The only caveat here is that “from a respiratory perspective, our experience was that most patients were stable in their need for assisted ventilation and did not worsen as expected given the natural history of the disease,” but neither did “they improve as one would hope,” the authors of the study wrote. 

A Proactive Approach

In another study on the respiratory impact of novel SMA therapies, Paul and colleagues reviewed the pulmonary effects of nusinersen in patients with SMA. They emphasized the importance of understanding the baseline respiratory function of SMA patients and devising treatment strategies accordingly.

“Understanding the baseline level of function at the start of treatment is essential, and pulmonary therapy regimens and ancillary support can be tailored to individual patient needs with modifications,” they wrote, identifying newborn screening as one of the best ways to detect and treat SMA early. 

Read more about SMA therapies 

Paul et al acknowledged that responses to novel SMA therapies such as nusinersen can be varied due to multiple factors. Regardless of the outcome, they stressed the importance of continued chest physiotherapy and a vigilant approach to ensuring optimal respiratory function.

“Despite improved strength and function of the respiratory muscles, we recommend continuing chest therapies and assisted cough clearance to prevent atelectasis and pneumonia,” they wrote.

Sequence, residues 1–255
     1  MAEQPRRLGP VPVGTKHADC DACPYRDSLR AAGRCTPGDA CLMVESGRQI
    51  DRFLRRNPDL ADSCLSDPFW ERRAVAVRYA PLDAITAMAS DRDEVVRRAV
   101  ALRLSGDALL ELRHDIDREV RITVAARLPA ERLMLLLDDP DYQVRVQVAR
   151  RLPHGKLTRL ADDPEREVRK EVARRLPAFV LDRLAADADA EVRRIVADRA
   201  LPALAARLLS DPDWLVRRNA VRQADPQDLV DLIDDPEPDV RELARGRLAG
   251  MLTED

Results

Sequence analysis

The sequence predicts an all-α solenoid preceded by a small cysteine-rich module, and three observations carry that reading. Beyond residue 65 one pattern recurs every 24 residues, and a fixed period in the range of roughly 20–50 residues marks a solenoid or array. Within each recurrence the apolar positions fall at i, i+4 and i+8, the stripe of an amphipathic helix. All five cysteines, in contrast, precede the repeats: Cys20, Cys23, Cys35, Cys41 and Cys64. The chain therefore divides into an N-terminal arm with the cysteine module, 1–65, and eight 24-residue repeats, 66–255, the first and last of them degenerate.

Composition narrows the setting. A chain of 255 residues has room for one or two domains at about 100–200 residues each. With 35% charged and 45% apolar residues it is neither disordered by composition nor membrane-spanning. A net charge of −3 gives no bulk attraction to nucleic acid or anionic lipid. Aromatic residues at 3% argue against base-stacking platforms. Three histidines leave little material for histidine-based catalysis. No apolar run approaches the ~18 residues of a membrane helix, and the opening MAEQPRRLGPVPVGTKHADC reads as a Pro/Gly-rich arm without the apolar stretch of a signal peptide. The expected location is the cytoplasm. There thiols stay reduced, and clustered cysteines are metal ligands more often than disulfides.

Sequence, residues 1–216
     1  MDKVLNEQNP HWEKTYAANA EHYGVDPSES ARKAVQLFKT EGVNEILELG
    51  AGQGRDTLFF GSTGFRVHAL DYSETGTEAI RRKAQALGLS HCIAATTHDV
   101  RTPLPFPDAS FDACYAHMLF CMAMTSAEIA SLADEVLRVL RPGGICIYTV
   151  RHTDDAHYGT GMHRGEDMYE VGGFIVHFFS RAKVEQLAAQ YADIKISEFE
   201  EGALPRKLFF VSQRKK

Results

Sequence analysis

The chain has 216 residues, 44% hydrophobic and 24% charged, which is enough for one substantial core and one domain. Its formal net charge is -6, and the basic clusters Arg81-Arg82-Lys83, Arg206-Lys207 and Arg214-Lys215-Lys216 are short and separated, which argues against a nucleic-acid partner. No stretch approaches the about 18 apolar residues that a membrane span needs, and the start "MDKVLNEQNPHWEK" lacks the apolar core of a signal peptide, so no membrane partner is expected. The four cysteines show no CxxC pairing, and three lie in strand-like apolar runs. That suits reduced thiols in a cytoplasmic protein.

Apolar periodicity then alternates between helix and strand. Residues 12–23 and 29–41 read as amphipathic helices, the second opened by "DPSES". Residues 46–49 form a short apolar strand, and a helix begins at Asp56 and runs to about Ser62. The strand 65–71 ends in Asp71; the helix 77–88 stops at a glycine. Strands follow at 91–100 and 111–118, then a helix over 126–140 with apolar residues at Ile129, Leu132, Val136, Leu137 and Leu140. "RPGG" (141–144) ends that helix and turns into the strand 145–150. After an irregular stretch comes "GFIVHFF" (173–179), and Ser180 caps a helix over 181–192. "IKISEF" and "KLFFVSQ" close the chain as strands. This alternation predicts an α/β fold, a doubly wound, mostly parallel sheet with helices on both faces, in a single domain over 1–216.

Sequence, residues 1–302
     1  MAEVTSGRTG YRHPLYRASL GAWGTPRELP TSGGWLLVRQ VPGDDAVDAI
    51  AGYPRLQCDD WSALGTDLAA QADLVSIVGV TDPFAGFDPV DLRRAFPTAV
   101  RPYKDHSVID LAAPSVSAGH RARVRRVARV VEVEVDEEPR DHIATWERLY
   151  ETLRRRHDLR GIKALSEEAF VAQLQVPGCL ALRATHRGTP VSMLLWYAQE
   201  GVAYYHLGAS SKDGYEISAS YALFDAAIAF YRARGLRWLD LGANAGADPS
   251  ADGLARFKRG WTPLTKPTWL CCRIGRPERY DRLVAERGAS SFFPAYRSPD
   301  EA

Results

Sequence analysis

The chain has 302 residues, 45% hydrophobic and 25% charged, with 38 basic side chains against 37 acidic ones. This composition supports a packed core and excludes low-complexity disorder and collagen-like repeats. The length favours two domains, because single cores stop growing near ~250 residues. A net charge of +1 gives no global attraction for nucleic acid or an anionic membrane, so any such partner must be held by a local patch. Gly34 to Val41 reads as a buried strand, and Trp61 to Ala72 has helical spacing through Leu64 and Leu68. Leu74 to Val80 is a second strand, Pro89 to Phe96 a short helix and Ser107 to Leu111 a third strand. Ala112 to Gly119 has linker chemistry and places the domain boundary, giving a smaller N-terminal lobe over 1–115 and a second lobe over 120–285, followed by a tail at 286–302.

In addition, they recommend routine immunizations, such as the seasonal influenza vaccine, should be continued, and the need for nebulized mucolytics and bronchodilators should be considered on an individual basis.

“In summary, even among the ‘treated SMA’ children, early implementation of proactive respiratory and a multidisciplinary approach remains central to care,” they explained.

Paul and colleagues have some valuable recommendations for future research involving nusinersen and other disease-modifying therapies for SMA. For example, they recommended a longer follow-up period to see if any clinical improvements are sustained over years (and not just up to an arbitrary endpoint). In addition, they recommend detailed descriptions of the respiratory effects of SMA novel treatments.

“Clinical assessment during recovery from illnesses, especially monitoring hospitalization outcomes in terms of length of stay, need for oxygen, escalation of ventilatory support, etc. and time to recover back to pre-admission baseline will be important to monitor and document,” they wrote.

It is important to acknowledge that novel therapies, such as nusinersen and risdiplam, are steps in the right direction. With future research and the refinement of these therapies, there are reasons to be optimistic that they will indeed slow down respiratory decline significantly in the future.

References

Lavie M, Diamant N, Cahal M, et al. Nusinersen for spinal muscular atrophy type 1: real-world respiratory experiencePediatr Pulmonol. 2021;56(1):291–298. doi:10.1002/ppul.25140

Paul GR, Gushue C, Koth K, Shell, R. The respiratory impact of novel therapies for spinal muscular atrophyPediatr Pulmonol. 2021;56(4):721–728. doi:10.1002/ppul.25135